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This classic Warhammer 40,000-style wargaming model is actually the work of the Games Workshop studio team, and was produced for an example battle in GW’s 2007 Apocalypse rulebook. Individual modelers, as far as I can tell, are not credited. There are more pictures on the GW website, and I find them especially interesting because they show the model both before and after painting. [Thanks, Lee!]

Sean Michael Ragan

I am descended from 5,000 generations of tool-using primates. Also, I went to college and stuff. I write for MAKE, serve as Technical Editor for MAKE magazine, and develop original DIY content for Make: Projects.


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Comments

  1. Anonymous says:

    The studio builders at GW are amazing. I loved the story of how, when the Weta Workshop guys visited GW HQ, even they were really impressed with their terrain boards. I’ve seen a bunch of the studio boards at Games Day cons and even saw them building one during a con. Really cool, enchanting stuff. You can learn a huge amount by watching these pros (and “pros”) work.

    A big “trick” in making models like the above look awesome is layering, paneling, and adding things like rivets. I used to be amazed at how, if I was working on a building, let’s say, if I added a few layers of thin plasticard or scored some panel lines and then added rivet heads (just by cutting small-dia plastic doweling, or even using little flattened dots of epoxy putty (“Green Stuff’), the results were so much more realistic and interesting looking.

    I got into the habit of buying up ANY plastic model kit at yard sales and built up a huge bitz box. Slap on some ladders, fencing, handles, car motor parts, whatever, and when it’s painted and weathered, it’ll look awesome.

  2. Stuart says:

    Nice to see some wargaming stuff on makeblog. What you neglect to mention is this sort of this is fairly common from the GW studio builders however it’s typically difficult for NON studio builders to mash up kits like this. Mainly because GW’s plastic kits are so ridiculously expensive these days for what they are that committing a set of them to a model like this involves considerable expense.

  3. Stuart says:

    Nice to see some wargaming stuff on makeblog. What you neglect to mention is this sort of this is fairly common from the GW studio builders however it’s typically difficult for NON studio builders to mash up kits like this. Mainly because GW’s plastic kits are so ridiculously expensive these days for what they are that committing a set of them to a model like this involves considerable expense.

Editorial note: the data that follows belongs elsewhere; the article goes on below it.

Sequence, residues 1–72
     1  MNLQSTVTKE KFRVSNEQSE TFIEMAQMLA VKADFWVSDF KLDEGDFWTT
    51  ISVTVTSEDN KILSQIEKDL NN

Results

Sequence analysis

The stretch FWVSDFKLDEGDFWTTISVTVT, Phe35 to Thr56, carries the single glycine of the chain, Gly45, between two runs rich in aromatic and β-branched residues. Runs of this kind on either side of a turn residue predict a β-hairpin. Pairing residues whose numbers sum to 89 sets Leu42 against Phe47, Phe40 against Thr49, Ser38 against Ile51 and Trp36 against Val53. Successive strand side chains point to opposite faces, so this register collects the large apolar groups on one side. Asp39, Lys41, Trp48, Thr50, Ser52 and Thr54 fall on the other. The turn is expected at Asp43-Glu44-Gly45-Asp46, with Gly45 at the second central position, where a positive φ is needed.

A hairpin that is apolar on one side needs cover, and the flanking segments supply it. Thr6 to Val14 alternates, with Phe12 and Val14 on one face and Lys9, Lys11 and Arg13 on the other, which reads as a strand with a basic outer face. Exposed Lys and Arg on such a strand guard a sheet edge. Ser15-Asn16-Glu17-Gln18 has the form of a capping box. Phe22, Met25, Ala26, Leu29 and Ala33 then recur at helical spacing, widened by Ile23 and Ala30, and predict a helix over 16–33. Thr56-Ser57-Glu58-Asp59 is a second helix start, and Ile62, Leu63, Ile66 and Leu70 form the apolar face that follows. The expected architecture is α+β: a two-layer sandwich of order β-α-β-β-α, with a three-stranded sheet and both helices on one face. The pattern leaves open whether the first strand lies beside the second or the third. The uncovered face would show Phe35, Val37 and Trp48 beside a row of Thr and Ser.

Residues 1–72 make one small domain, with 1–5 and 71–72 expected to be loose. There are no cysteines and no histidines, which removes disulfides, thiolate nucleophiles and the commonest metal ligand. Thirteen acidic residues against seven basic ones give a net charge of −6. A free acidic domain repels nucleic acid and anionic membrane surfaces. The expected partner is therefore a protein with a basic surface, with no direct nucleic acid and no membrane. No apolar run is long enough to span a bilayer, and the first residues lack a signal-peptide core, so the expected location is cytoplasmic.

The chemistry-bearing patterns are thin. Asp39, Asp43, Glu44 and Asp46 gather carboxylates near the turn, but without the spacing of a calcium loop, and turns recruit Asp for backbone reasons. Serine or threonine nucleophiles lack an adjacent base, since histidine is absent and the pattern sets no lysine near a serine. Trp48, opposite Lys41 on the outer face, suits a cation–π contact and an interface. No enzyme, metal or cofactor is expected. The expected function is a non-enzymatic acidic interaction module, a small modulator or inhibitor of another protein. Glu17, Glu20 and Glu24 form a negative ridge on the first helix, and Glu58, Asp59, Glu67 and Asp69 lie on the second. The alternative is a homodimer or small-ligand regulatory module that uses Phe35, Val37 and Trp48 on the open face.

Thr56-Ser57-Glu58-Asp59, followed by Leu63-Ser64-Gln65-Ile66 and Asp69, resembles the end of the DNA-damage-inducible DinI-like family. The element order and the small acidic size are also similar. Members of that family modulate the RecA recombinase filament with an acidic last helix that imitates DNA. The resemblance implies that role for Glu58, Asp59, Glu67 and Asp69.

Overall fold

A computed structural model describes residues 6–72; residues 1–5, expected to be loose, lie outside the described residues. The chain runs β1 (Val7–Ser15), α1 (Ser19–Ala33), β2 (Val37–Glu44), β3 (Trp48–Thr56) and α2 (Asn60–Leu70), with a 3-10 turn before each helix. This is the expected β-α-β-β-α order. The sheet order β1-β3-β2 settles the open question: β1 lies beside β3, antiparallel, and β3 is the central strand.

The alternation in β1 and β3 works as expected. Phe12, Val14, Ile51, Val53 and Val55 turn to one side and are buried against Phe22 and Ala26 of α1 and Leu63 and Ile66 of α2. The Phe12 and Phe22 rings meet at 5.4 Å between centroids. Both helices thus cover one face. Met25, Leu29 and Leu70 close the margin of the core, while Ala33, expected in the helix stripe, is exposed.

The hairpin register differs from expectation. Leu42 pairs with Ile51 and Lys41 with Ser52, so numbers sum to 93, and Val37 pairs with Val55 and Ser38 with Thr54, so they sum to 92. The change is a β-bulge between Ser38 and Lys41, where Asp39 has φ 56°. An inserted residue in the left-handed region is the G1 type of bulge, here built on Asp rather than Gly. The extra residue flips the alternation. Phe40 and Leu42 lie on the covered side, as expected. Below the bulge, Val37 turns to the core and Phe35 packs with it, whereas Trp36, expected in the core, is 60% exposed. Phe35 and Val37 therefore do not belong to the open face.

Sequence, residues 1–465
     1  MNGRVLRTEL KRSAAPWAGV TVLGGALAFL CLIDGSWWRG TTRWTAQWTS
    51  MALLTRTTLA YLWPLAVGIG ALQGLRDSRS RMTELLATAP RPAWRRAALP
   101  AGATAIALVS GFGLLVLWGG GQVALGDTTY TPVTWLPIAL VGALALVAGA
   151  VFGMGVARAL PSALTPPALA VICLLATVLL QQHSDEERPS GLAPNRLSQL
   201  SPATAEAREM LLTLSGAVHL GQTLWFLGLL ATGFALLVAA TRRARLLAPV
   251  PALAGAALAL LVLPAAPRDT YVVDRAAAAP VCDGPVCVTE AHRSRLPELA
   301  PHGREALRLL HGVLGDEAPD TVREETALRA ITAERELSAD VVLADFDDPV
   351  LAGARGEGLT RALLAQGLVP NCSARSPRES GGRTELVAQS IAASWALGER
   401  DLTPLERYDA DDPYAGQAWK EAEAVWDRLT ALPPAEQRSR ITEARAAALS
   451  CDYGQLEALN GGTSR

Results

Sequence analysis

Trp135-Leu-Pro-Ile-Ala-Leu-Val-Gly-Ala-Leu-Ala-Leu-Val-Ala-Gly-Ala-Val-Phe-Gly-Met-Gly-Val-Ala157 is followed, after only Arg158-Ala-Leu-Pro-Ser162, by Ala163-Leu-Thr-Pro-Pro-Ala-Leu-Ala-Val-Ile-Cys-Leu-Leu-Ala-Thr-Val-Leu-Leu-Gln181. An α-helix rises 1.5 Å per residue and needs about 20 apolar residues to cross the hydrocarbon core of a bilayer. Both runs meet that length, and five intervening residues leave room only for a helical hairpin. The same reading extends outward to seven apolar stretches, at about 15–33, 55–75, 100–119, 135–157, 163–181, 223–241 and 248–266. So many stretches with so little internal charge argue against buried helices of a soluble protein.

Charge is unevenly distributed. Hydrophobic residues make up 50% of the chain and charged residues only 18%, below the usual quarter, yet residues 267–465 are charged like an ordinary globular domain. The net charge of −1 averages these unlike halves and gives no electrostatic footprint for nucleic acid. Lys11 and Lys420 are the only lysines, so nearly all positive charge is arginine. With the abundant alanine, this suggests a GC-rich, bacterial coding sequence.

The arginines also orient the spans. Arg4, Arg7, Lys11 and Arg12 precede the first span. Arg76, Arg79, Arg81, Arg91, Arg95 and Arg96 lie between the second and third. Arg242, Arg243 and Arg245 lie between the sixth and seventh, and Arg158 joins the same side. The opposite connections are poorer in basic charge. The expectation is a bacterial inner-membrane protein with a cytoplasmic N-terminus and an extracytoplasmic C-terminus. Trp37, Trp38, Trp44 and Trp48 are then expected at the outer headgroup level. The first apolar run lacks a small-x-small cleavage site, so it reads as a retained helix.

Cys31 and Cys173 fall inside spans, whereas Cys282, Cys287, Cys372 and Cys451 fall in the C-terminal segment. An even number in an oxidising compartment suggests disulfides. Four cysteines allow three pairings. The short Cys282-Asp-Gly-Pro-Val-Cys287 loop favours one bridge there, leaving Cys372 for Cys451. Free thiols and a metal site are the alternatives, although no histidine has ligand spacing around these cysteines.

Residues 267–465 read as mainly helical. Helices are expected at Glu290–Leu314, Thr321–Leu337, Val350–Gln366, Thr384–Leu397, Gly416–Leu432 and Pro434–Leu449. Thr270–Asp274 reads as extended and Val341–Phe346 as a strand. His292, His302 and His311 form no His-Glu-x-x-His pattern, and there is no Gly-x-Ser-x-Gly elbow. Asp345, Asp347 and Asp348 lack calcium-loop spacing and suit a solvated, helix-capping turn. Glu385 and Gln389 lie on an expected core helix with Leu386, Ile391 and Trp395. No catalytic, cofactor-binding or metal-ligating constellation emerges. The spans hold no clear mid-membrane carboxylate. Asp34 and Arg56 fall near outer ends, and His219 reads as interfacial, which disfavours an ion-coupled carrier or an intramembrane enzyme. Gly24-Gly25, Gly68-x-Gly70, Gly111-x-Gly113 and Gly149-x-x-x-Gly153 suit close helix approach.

1. Anonymous says:

      I know it’s disparaging looking at their boards where they have obscene amounts of their kits invested in the buildings and terrain, but it doesn’t have to be that way. I was a big fan of Sean Patten’s models and terrain (he made an astounding scratchbuilt Thunderhawk Gunship that I wrote about in MAKE Vol 08) and he rarely used 40K bits. Most of it was from GI Joe toys and action figure accessories, combs, jewelry chain and charms, model RR bits, plastic food containers, deodorant can lids, etc. He was a master at gluing on a bunch of bizarre crap and then doing an amazing job of finishing the piece so that crap turns into gold.

      (BTW: I once added up all of the building and terrain kits used it a GW diorama and it was nearly $1000 in parts. And on the board were two 2,000-point armies. I was probably looking at over $2000 worth of models and supplies. Yikes. Not a poor person’s hobby.)

      Attached is Sean’s gunship and landing bay from MAKE Vol 08.

    2. Anonymous says:

      I know it’s disparaging looking at their boards where they have obscene amounts of their kits invested in the buildings and terrain, but it doesn’t have to be that way. I was a big fan of Sean Patten’s models and terrain (he made an astounding scratchbuilt Thunderhawk Gunship that I wrote about in MAKE Vol 08) and he rarely used 40K bits. Most of it was from GI Joe toys and action figure accessories, combs, jewelry chain and charms, model RR bits, plastic food containers, deodorant can lids, etc. He was a master at gluing on a bunch of bizarre crap and then doing an amazing job of finishing the piece so that crap turns into gold.

      (BTW: I once added up all of the building and terrain kits used it a GW diorama and it was nearly $1000 in parts. And on the board were two 2,000-point armies. I was probably looking at over $2000 worth of models and supplies. Yikes. Not a poor person’s hobby.)

      Attached is Sean’s gunship and landing bay from MAKE Vol 08.

      1. Anonymous says:

        BTW: One way to get GW bits for cheap is at GamesDay or other game cons where they sell bits by the pound. A lot of it is weird, unidentifiable stuff, but if you see it as kit-bash components for buildings, model conversions, and terrain, it’s useful. I have a small drawer filled with the stuff and it used to come in real handy when trying to dress up buildings, using as rubble on model bases, etc.

  4. Stuart says:

    Nice to see some wargaming stuff on makeblog. What you neglect to mention is this sort of this is fairly common from the GW studio builders however it’s typically difficult for NON studio builders to mash up kits like this. Mainly because GW’s plastic kits are so ridiculously expensive these days for what they are that committing a set of them to a model like this involves considerable expense.

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